While attending a tradeshow for the packaging industry recently, I was a bit surprised to see a large number of marketing snafus that could have been easily avoided, and would have resulted in much better lead generation on the show floor.
A Necessary Evil
To some, trade shows are unavoidable—you need to be there to show your face, but they sure do consume a heck of a lot of your overall marketing budget for the year.
But think positive! They are also a highly personal, industry-focused avenue to reach your target prospects, and one of the best places for your company to shine!
Small, But Mighty
Take a step back to understand what might appeal to the weary trade show traveler (like upgraded padding…), even if it seems like a small detail.
While it’s important to make sure you’ve secured a prime location, the booth stands out with killer graphics, products arrive in time to be on display, and your booth guy isn’t head down in his phone checking email all day, it’s even more important to take stock of the little things that will make your presence that much more memorable.
Here are some of the more noteworthy fails from my recent adventure:
- A woodcrafter with beautiful custom cases, obviously quality built, handing out a one page flyer depicting out of focus graphics that showcased his products(How am I going to convince my boss that your cases are actually worth the money we’re spending if I can’t show him pictures?)
- A vacuum packaging company with a very ‘intimate feminine’ product set out in the front row of the booth as an example of the items they can shrink wrap(Have you looked at the gender demographics of this industry lately?)
- A four-panel, fold-out brochure with an image spread across the fold…that didn’t line-up when opened(So, misalignment is a good first impression?)
Shine Through the Clutter
In a setting as personal as a trade show, attention to detail is the make or break of our industry anymore; it helps set us apart from the growing mound of noise generated throughout other marketing channels. This is your chance to really make a firsthand impression on a customer, so make sure you do it right.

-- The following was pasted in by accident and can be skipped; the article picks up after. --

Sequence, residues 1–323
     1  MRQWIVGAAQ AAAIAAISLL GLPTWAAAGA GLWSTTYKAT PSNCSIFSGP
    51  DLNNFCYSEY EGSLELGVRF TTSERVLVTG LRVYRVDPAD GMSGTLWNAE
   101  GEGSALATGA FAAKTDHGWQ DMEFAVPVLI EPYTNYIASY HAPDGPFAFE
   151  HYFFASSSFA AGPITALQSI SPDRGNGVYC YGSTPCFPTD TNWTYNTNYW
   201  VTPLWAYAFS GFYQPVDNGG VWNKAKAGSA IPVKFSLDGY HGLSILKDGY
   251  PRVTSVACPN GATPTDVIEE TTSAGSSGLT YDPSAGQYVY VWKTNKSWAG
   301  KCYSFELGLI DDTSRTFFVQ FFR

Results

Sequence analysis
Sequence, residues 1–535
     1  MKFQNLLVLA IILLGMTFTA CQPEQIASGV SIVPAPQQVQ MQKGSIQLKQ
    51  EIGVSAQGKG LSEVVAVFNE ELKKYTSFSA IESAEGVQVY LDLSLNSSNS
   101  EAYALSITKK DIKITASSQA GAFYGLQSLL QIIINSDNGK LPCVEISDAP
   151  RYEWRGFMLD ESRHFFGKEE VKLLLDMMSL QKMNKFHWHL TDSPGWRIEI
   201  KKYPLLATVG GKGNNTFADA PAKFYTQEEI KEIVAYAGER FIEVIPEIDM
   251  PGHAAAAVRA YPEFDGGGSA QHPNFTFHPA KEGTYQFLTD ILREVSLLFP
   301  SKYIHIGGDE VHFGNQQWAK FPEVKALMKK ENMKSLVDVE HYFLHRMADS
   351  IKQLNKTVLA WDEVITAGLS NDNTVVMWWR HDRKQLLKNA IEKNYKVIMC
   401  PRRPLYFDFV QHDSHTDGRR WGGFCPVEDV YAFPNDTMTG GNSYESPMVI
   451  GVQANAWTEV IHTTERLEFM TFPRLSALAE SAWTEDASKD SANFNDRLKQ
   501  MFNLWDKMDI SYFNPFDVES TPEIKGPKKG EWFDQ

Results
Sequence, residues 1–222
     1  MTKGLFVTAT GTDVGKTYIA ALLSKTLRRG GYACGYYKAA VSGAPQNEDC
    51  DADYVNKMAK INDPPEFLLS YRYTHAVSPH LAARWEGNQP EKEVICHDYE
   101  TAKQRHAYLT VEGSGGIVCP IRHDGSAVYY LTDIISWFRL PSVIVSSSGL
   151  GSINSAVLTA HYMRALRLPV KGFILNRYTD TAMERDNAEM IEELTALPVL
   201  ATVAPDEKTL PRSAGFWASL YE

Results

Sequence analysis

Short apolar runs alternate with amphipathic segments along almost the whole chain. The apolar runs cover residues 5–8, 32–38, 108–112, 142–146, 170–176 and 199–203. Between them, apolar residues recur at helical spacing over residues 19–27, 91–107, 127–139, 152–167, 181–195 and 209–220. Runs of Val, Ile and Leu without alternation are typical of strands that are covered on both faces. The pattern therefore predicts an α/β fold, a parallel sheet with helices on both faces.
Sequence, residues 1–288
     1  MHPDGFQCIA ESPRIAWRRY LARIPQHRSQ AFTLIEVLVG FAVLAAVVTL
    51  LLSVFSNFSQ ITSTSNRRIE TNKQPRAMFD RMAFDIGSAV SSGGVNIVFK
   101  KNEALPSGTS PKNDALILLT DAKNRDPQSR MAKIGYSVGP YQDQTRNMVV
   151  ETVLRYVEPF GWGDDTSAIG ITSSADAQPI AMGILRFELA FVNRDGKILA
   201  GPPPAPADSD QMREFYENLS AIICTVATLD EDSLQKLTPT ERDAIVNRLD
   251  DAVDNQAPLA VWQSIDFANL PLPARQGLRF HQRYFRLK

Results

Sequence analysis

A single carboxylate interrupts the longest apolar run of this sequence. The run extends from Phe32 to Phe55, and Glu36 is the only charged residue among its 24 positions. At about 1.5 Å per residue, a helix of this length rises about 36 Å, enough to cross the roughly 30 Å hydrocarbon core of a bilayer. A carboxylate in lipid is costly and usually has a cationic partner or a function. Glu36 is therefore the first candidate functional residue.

To get you on the right planning path, check out this handy guide to trade show success.
So, you know you need a blog, but feel a bit overwhelmed at the prospect of creating—and sustaining—one. You have some topic ideas in mind, but how is that going to translate into a consistent, ongoing, informative and educational resource?
Here are a few simple tips to make sure you have content, content, content well into the future, once your initial set of topics have been crafted and posted:
Ways to Ensure Consistent Blogging
- Start with a modest posting schedule and increase frequency after you get a feel for what it takes to generate an article
- Share the load—assign multiple writers to develop at least one piece a month (not that you need to post it all at once, see above…)
- Utilize guest posts—they typically come with fresh ideas and different perspectives
- Track a few key groups or publications and post responses or insights, linking to original pieces
- Use everyday situations to inspire ideas
- Conduct a quick online survey to customers and comment on results
- Reuse the best content your blog has to offer, with an updated perspective
- Conduct an interview with someone related to your industry
- Create an infographic with a descriptive overview
For more ideas on how to get your blog up and running as well as implementing SEO best practices (to make sure it gets read!), give us a call or send us an email!